Central sensitization (CS) and psychological factors are associated with pain intensity. However, it has remained unclear whether the effects of central sensitivity syndromes and cognitive ⁄ emotional factors differ depending on the severity of pain and the pain quality. Our purposes were to perform subgrouping based on central sensitivity syndromes and pain intensity, and to clarify the difference in central sensitization syndrome and pain intensity between subgroups.
Fifty–nine patients with musculoskeletal pain were included in this cross–sectional study. Pain intensity and psychological problems were assessed with Central sensitization inventory (CSI–9), Short–Form McGill Pain Questionnaire 2 (SFMPQ2), Hospital Anxiety and Depression Scale (HADS), Pain Catastrophizing Scale (PCS–4). The cluster analysis with a ward method was used to divide patients into subgroups based on central sensitization syndrome and pain intensity. In addition, Kruskal–Wallis test, multiple comparison (Bonferroni method), and Fisher’s exact test were performed to compare clinical outcomes between subgroups. The level of significance was set at 5％.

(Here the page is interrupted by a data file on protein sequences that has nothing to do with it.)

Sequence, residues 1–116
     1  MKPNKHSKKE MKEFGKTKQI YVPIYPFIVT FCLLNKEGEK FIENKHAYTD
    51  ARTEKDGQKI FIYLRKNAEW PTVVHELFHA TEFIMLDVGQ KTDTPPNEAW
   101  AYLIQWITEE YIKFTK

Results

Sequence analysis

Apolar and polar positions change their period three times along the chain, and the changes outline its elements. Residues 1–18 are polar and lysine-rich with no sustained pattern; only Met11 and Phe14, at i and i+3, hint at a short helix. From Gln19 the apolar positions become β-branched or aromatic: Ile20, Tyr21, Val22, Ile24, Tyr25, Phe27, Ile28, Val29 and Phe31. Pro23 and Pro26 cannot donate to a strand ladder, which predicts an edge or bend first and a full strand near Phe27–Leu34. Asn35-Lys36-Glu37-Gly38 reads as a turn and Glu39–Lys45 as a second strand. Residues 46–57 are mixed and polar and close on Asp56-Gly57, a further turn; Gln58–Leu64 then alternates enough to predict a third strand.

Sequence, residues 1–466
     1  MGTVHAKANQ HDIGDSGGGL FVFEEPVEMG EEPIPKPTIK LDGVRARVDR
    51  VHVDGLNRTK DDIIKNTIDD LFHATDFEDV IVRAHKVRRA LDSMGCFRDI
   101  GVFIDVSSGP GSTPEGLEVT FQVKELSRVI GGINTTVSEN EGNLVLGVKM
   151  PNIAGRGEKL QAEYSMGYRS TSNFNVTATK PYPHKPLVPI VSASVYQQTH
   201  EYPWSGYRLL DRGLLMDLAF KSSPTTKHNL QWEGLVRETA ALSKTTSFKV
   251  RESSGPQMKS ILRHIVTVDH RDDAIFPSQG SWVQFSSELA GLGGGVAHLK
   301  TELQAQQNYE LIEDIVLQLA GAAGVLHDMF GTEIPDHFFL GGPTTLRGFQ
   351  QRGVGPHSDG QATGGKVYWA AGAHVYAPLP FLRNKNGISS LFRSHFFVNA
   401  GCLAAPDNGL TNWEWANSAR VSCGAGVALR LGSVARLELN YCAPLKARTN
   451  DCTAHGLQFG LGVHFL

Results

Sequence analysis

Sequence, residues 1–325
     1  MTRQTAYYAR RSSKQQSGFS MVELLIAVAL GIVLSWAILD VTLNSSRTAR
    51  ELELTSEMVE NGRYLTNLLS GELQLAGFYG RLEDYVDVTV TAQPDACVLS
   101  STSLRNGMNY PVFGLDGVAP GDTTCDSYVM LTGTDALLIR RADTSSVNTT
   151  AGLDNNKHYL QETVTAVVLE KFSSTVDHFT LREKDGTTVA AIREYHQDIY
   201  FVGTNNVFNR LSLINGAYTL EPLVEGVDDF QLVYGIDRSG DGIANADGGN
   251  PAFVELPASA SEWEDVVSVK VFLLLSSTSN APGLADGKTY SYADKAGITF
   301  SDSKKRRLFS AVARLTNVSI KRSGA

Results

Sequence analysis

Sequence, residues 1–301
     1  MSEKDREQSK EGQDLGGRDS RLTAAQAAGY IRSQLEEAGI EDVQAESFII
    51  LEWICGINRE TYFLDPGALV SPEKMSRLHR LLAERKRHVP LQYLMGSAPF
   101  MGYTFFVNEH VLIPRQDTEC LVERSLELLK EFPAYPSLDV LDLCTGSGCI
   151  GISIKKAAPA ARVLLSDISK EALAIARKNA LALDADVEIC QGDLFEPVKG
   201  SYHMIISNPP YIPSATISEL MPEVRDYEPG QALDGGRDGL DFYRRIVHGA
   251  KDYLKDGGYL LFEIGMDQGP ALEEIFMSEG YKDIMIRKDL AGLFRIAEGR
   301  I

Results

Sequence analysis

The cluster analysis classified into three subgroups. One subgroup of patients (n=11) was characterized by high level of central sensitivity syndromes, pain intensity and psychological problems. A second subgroup (n=19) was characterized by low level of central sensitivity syndromes, moderate level of pain intensity, high level of psychological problems. The third subgroup (n=29) was characterized by low level of central sensitivity syndromes, pain intensity and psychological problems. That is, one subgroup was mainly affected with central sensitivity syndromes, and another subgroup was affected psychological factors. These results indicated the differences in pain mechanism among subgroups.